Bay Mills Indian Community, a small tribe of about 2,200 members located near Sault Ste. Marie in Michigan’s upper peninsula, announced plans yesterday to build a cannabis grow facility, processing, and dispensary all in one location, with operations starting this fall. The all-in-one location, branded Northern Lights, would be the first of its kind west of the Mississippi. Initially, retail sales would be limited to visitors on tribal lands.
“We’ve partnered with a Michigan-based cannabis company, Soil to Smoke. They are the expertise coming in to refine what we have in place and to teach us what we don’t already know,” said tribal attorney Whitney Gravelle.
Bay Mills’ plans have been long underway, says Gravelle. Since the tribe legalized cannabis on tribal lands in April 2019, there have been internal discussions about how to best take advantage of Michigan’s legalization of recreational cannabis. For over a year the tribe, a sovereign nation by treaty with the United States, has been seeking a compact with Michigan’s Marijuana Regulation Agency (MRA) to sync up regulations. Frustrated with their lack of progress with state bureaucrats, Bay Mills decided to go it alone.
“It’s been more of a long time anticipated approach that we finally had to move forward on because we’re not getting anywhere with our conversations with the State of Michigan,” said Gravelle, who claims the tribe missed out on multiple potential business opportunities since they could not create a compact with the state. Without a compact, cannabis companies operating in Michigan did not want to risk aggravating MRA officials, so they broke off talks with Bay Mills, says Gravelle.
Bay Mills already operates a number of businesses, including a resort and casino on Lake Superior and a farm operated by the tribe’s community college that includes a hemp growing pilot program run in conjunction with Michigan State University.
“Grow operations would include upwards of 12,000 to 15,000 square feet of [indoor] grow operations. That would be a phased approach. We’ll start with about half of it, and as our capacity goes, we’ll add on more,” said Gravelle. “We’re also looking at 110 acres of land [surrounding the indoor site.] We do envision product grown outside.”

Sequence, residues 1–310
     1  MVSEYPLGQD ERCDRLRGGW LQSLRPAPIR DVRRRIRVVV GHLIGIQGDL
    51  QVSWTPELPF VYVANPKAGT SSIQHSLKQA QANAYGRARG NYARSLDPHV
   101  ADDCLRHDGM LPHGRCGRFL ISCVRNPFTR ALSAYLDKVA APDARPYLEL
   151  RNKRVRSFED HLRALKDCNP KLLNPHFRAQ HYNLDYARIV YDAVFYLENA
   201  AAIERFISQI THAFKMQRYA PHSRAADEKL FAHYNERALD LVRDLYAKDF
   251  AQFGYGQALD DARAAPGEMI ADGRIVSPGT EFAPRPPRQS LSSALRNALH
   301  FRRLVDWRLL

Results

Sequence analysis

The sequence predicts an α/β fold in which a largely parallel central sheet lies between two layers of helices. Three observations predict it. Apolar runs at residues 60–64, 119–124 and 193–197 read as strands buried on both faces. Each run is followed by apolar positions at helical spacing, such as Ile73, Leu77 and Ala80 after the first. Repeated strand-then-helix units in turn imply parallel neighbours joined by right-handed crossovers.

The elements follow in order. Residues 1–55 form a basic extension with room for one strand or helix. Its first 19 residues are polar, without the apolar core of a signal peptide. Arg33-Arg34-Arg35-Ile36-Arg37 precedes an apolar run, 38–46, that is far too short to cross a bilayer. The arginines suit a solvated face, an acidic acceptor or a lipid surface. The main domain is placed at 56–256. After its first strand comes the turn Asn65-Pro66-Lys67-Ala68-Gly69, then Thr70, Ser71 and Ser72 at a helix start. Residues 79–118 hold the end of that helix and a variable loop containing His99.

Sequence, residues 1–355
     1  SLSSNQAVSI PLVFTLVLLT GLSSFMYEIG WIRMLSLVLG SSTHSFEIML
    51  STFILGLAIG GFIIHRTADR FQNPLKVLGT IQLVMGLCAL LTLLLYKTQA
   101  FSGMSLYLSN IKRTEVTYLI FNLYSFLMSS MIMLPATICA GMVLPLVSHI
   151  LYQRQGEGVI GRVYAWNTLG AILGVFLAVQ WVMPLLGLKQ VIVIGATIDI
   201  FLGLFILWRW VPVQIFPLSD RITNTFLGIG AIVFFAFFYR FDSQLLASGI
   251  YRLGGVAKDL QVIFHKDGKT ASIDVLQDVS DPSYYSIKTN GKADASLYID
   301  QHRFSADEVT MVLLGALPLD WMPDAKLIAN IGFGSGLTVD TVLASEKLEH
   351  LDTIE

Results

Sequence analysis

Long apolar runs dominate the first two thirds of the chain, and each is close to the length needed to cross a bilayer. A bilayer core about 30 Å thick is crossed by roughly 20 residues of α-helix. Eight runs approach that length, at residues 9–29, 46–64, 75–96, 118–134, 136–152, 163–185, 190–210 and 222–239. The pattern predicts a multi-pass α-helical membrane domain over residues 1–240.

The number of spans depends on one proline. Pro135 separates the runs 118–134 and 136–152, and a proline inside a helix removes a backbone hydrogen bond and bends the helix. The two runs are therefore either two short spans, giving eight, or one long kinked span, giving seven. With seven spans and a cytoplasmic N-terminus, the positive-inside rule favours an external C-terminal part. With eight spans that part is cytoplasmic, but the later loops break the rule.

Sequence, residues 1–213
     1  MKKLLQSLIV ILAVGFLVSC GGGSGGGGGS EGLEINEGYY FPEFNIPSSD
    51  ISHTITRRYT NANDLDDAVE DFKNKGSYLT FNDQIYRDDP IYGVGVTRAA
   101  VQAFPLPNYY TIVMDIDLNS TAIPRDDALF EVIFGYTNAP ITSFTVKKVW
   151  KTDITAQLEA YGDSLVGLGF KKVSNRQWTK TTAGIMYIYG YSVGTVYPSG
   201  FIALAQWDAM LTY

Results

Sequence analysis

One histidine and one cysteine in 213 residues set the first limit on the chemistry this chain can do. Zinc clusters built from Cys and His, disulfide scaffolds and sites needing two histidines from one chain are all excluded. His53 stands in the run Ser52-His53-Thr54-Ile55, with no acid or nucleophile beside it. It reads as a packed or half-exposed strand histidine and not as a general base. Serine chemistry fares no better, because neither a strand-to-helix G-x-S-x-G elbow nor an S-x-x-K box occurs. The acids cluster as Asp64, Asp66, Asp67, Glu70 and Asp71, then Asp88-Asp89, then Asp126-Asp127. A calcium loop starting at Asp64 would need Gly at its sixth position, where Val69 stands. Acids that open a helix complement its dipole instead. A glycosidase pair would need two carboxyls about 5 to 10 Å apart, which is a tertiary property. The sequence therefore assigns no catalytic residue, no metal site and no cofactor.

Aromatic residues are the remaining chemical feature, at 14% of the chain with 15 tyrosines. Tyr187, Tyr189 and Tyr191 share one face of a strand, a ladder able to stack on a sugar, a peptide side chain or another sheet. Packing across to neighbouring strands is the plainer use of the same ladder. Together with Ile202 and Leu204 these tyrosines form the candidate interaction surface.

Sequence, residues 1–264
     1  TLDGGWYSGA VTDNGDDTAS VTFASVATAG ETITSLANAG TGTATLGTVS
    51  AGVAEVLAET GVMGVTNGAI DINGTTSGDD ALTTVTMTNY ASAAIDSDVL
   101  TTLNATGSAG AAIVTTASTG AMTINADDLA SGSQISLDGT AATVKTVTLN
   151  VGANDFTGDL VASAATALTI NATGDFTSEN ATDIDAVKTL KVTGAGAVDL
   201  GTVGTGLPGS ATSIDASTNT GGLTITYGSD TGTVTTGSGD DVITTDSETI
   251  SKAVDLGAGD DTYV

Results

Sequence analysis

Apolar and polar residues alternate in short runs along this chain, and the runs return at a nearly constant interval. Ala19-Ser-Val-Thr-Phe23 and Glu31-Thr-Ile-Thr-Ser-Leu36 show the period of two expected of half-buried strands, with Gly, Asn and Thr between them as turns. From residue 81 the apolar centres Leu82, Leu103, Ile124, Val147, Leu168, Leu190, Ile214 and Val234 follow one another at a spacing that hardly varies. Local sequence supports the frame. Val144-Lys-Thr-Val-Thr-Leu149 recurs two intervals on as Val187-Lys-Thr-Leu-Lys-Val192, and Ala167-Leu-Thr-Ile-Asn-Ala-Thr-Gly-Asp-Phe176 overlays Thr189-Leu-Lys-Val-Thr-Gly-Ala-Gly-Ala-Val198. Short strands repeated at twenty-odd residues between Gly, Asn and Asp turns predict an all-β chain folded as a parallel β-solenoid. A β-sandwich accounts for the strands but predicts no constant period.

Because the tribe is building a unified grow, processing, and retail location, Bay Mills is counting on significant efficiencies, not to mention a lack of Michigan taxes, which can add up to 16 percent for recreational cannabis. Eventually, if Bay Mills finds other tribes interested in selling their cannabis products, it’s possible they would license it for sale on other tribal lands, but sales off-lands are not under consideration.
Bay Mills will not use Michigan’s seed to sale tracking system, Metrc, but otherwise it is working to align tribal laws and regulations with Michigan.
“We’re not trying to create any jurisdictional issues with what you can sell within the Michigan market. For instance, I think in the state you can have 2.5 ounces on person. That is what the tribe will adopt as well. When it comes to quality control and safety we plan to mirror Michigan,” said Gravelle.
In contrast to Bay Mills, other Michigan tribes have chosen to merely lease land to already operating Michigan cannabis companies, citing the risk of getting into a complex new business as well as the possibility of aggravating Michigan and federal agencies that don’t look kindly on tribes entering the cannabis business. Gravelle brushes those concerns aside.
“I think what a lot of what Bay Mills is doing comes down to tribal sovereignty. We are a sovereign government that can rule itself. Through that sovereignty we are engaging in cannabis. That is why we are moving forward essentially,” said Gravelle. “It’s how you make laws for your people.”